Matthew Arnold News of the death of Prince Rogers Nelson stunned me when I heard it on National Public Radio’s “Here & Now” last week, but so many people have articulated why this incredible artist’s passing was a collective blow much better than I could. The first who comes to mind is my college friend, Matthew Arnold, riffing on a vox.com article entitled “Prince gave black kids permission to be weirdos.” Arnold, who grew up in southeastern Wisconsin, wrote, “Yep, white kids, too. And even more than Bowie, he gave American boys permission to be ways other than hyper-masculine, emotionally repressed little dickbots at a time when the gender and sex panic of the Reagan years was at a fever pitch. “I remember being out in the schoolyard back at Southport Elementary, maybe 5th grade, and crew-cutted would-be alpha male spat accusingly, ‘I bet you like Prince.’ The implicit homophobia of this statement was plain. As I remember it, I considered my allegiances for a split second, weighed the associations — blackness, sexual ambiguity, gender fluidity and, well, sex personified, versus belonging to a dumb sexless tribe I’d never really belong to anyway — and answered: ‘Yeah. I like Prince.’”
Richard Kim Richard Kim, the executive editor at the Nation, nailed the subversive role Prince played in the culturally repressed 1980s in a four-paragraph reflection published on the day of the artist’s death. “If you were a kid growing in the ’80s — maybe let’s say you’re gay too — this is what you first learned about sex: It will kill you,” Kim writes. “You don’t have sex yet; you don’t even really know what it is, but you know that it is lethal. That somehow it leads to the men with the skeletal bodies and blotchy marks on their skin that you see on the television, the men who don’t look at the camera and are alone.” Kim concludes with this immortal line: “On one side of your childhood, there is Reagan and AIDS and nuclear war and the yelling Christians. And on the other side, there is Prince.
Melissa Harris-Perry Not everyone got Prince at first, and it’s refreshing that Melissa Harris-Perry admits it, and represents those of us, like me, who were late to the party. Harris-Perry — the new editor-at-large at Elle.com, Maya Angelou Presidential Chair at Wake Forest University and Winston-Salem resident — writes about finally getting “the bravado, the freedom, the woundedness, the eroticism, the dualities, the unmatched genius” of Prince’s artistic vision. “I started to hear everything I missed when I listened with my most uncompromisingly categorical mind. I heard how the music was neither funk, nor soul, nor jazz, nor rock, but all of them. That is exactly the kind of public voice I wanted to have. I wanted to bring social science, and literature, and humor, and ordinary wisdom, and black-girl vernacular together in one unexpected creative fusion that felt good if you could let go and be inside it.”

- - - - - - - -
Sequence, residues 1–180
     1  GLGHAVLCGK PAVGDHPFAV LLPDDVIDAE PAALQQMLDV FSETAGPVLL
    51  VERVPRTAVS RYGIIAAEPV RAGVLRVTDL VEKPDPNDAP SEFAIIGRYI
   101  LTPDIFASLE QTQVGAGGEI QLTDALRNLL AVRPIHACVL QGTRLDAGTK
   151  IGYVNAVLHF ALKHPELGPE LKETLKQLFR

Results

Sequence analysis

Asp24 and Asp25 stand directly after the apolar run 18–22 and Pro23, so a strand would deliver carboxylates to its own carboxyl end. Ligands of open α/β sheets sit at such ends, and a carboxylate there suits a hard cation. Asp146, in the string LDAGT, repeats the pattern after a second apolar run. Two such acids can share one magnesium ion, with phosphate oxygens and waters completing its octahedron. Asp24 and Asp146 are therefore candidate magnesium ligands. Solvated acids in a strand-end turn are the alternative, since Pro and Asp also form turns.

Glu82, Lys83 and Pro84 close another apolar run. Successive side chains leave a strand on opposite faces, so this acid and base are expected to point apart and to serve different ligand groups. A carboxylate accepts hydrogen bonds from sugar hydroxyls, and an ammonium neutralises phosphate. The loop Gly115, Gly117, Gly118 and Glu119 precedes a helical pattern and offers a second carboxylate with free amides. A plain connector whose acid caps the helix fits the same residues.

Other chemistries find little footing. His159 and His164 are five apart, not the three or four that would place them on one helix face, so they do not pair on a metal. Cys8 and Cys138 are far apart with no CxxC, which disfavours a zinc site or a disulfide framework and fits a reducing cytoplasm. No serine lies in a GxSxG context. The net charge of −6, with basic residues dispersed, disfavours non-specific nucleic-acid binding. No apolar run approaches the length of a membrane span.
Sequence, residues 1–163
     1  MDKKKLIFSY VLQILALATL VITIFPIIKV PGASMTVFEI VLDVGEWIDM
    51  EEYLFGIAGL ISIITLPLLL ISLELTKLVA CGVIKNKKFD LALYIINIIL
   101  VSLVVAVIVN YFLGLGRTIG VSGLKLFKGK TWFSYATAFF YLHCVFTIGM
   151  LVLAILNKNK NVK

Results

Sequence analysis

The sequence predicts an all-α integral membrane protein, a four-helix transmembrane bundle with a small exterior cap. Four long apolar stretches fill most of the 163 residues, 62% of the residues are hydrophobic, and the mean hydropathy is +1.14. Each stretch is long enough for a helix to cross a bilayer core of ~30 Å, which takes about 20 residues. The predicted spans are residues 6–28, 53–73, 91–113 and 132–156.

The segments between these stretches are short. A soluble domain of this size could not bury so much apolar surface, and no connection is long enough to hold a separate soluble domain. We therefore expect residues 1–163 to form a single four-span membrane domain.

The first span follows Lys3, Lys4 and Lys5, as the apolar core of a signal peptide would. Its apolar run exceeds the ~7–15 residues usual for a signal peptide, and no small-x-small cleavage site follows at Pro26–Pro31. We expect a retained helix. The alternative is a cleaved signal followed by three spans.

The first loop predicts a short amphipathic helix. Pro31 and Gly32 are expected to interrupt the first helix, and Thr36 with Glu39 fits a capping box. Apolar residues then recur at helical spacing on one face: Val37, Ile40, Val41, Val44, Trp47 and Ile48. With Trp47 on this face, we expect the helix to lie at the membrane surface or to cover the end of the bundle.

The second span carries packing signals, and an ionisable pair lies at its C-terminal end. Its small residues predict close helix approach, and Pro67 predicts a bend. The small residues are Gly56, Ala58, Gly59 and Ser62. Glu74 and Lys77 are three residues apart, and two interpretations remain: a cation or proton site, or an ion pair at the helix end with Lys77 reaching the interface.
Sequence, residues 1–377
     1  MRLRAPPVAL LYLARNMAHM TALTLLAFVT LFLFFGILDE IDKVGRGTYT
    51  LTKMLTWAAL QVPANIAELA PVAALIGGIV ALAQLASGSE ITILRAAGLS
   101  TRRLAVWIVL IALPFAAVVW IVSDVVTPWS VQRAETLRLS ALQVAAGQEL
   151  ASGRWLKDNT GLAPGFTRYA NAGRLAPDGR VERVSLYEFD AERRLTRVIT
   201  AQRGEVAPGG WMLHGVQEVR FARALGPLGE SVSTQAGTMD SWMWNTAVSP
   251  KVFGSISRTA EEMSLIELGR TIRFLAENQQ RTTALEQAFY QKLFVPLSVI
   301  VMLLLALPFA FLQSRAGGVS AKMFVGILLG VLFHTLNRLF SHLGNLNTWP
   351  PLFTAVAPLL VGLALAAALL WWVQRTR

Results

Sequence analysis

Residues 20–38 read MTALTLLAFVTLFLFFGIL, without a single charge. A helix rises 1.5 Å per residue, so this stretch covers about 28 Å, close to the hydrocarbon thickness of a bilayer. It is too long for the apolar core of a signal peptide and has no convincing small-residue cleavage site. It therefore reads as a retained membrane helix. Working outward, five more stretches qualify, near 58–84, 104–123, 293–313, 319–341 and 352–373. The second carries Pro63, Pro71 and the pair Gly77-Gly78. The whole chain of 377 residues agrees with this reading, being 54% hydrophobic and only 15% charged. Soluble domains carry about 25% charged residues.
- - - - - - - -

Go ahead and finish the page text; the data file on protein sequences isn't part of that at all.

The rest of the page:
Me My parents’ reaction against Prince is a big part of my appreciation of him. I remember when they took me to see the Grateful Dead in Cincinnati in 1985. Witnessing affluent college students in brand-new Toyota pickups rolling into the park, my dad hilariously asked, “What are these — Prince fans?” My dad was wise and kind, but this may have been the most bone-headed thing he ever uttered. As a bearded child of the Summer of Love and a farmer who fixed up second-hand cars, he was concerned about a new breed of Deadhead that might be more attracted to flash and trendiness. Yes, Prince was flashy, but his fans were far more working-class than the permanent vacationers who took the summers off to follow the Dead. And if you wanted to have a throwdown to determine who had the most artistic integrity in 1985, it would not have been grizzled diehards of the hippie generation who were singing, “We will get by/ We will survive.”
Charlie Murphy Around the same time my dad completely missed the boat on Prince, Charlie Murphy — older brother of comedian Eddie Murphy — misjudged the purple one in a different way. The 2004 skit from “Chappelle’s Show,” with Murphy playing himself and Dave Chappelle portraying Prince is hilarious, and you need to watch it on YouTube to fully appreciate the voice inflections, facial expressions and body language. Two takeaways: Prince could play more than music, and proved the gracious host with a pancake breakfast. I’ll leave you with this reflection from Murphy: “I kinda learned something that day. Don’t ever judge a book by its cover. This cat can ball, man! He was crossing — crossed me up. He was getting rebounds like Charles Barkley.”
Triad City Beat exists to chronicle the North Carolina Triad cities of Winston-Salem, High Point, and Greensboro as low-cost incubators of innovation, sustainability and creativity. We publish smart reporting and writing that recognizes the intelligence of our readers.